Thirsty LNG Buyers Beware: Ichthys Start May Be Glass Half-Empty
(Bloomberg) -- The expected startup of a new liquefied natural gas export plant in Australia may not offer the sustained supply relief sought in a market about to enter peak winter demand season with prices near four-year highs.
The Inpex Corp.-operated Ichthys LNG project in northern Australia may load its first cargo this week, people with knowledge of the venture’s preliminary sales plans said Monday, and an empty tanker was steaming toward the facility on Tuesday. But even if the terminal ships its first shipment on schedule, there’s no guarantee a steady stream of supply will follow.
“It is not uncommon for a new plant to experience intermittent production due to teething issues during its ramp-up period,” Kittithat Promthaveepong, a Singapore-based LNG analyst for FGE, said by email. “It would not be surprising if we see something similar at Ichthys LNG.”
Ichthys LNG traveled a long and circuitous route to arrive at the precipice of its first cargo. The project has been on Inpex’s books since 1998, but the company and its partner Total SA only approved funding for it in 2012. At the time, it was expected to cost $34 billion and start at the end of 2016. The Japanese company in May said it would cost about $40 billion. That could ultimately rise to $43 billion, according to Sanford C. Bernstein & Co.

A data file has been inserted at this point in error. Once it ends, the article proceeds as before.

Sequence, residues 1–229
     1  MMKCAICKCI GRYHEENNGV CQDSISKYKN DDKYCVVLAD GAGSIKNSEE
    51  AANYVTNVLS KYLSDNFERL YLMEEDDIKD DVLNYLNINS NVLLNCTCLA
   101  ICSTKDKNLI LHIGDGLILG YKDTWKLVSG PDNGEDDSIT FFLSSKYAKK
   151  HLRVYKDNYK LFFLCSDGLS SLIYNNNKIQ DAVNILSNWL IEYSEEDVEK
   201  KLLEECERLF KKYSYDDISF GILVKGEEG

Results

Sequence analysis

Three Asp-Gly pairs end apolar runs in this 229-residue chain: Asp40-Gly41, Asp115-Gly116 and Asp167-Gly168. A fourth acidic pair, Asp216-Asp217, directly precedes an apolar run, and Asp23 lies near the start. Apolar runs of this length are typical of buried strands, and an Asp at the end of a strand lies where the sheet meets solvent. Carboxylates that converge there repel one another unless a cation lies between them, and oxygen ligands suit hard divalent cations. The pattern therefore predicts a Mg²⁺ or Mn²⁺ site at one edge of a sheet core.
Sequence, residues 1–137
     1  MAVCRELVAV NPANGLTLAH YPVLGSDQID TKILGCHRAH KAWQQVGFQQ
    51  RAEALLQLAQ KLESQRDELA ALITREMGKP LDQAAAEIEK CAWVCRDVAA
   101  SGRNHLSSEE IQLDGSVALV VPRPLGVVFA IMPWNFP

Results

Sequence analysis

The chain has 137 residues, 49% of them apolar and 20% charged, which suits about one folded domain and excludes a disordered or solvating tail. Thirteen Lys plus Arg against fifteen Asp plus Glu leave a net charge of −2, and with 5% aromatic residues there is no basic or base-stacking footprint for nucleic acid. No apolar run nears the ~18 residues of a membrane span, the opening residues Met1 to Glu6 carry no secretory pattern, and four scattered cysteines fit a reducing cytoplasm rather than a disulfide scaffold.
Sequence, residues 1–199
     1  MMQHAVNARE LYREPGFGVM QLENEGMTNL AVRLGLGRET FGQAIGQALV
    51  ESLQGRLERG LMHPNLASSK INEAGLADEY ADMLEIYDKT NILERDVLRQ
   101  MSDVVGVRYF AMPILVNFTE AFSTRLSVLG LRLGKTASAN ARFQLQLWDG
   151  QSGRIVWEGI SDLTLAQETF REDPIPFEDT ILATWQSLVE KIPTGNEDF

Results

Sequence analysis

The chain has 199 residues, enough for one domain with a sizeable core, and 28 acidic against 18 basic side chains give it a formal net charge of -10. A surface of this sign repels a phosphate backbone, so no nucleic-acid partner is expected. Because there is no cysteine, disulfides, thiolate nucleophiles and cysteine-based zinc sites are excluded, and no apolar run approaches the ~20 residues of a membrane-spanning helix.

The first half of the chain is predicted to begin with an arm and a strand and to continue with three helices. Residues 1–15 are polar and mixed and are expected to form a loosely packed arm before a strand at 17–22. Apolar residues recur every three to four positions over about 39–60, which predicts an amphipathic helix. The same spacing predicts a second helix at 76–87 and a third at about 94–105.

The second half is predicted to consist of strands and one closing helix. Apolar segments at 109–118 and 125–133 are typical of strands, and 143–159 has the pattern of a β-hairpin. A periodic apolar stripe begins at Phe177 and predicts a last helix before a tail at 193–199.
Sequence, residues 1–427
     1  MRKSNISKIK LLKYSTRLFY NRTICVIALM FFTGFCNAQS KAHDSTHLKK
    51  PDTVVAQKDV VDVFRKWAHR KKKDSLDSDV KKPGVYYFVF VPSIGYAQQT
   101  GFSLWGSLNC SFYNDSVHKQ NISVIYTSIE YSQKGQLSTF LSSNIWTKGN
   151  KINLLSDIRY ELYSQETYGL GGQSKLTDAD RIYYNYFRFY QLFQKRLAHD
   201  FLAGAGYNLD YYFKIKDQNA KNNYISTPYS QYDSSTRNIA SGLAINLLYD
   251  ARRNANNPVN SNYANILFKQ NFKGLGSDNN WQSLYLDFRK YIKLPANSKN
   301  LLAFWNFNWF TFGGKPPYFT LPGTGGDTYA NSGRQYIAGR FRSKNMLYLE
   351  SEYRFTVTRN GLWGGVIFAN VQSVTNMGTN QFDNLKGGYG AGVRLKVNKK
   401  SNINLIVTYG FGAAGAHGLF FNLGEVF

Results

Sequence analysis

A worst-case scenario for a startup might be what happened with Chevron Corp.’s $54 billion Gorgon LNG plant off northwest Australia. Two weeks after making its first shipment in March 2016, it had to shut down to deal with mechanical issues with its cooling system. It didn’t ship its second cargo until July of that year.
If, however, Inpex can ramp up smoothly, it would be a boon for a spot market that’s seen prices rise more than 50 percent since April. The S&P Global Platts Japan-Korea Marker, a closely watched regional price gauge, traded at $11.115 per million British thermal units Monday. It hit $11.805 last month, the highest since 2014.
The biggest importers in the world -- Japan, China and South Korea -- all see demand peak in the winter months as home heating requirements build on top of year-round industrial demand. Consumption in China will increase by 12 million metric tons this year, a world record, after an 8 million ton rise in 2017, according to Wood Mackenzie Ltd.
It will take about two years for Ichthys to reach full export capacity of 8.9 million tons of LNG, Masahiro Murayama, Inpex’s senior managing executive officer, said late last year.
Icthys LNG received two so-called cool-down cargoes, which are injected into the plant to help prepare for exports -- one in May and a second in early October. On Tuesday, an empty tanker, the Pacific Breeze, was en route to the plant, according to shipping data compiled by Bloomberg, a sign that the project is ready to load its first cargo. The project is planning three more shipments in November, the people said Monday.
“There is high risk of delay for deliveries of initial cargoes, especially in this case where the first LNG cargo may largely consist of re-exporting a previously imported cool-down cargo,” Saul Kavonic, head of Asia-Pacific energy research at Credit Suisse Group AG, said by email. “First cargo timing can be a bit of a red herring -- it is achieving ramp-up to stable plateau production levels that is the key milestone.”
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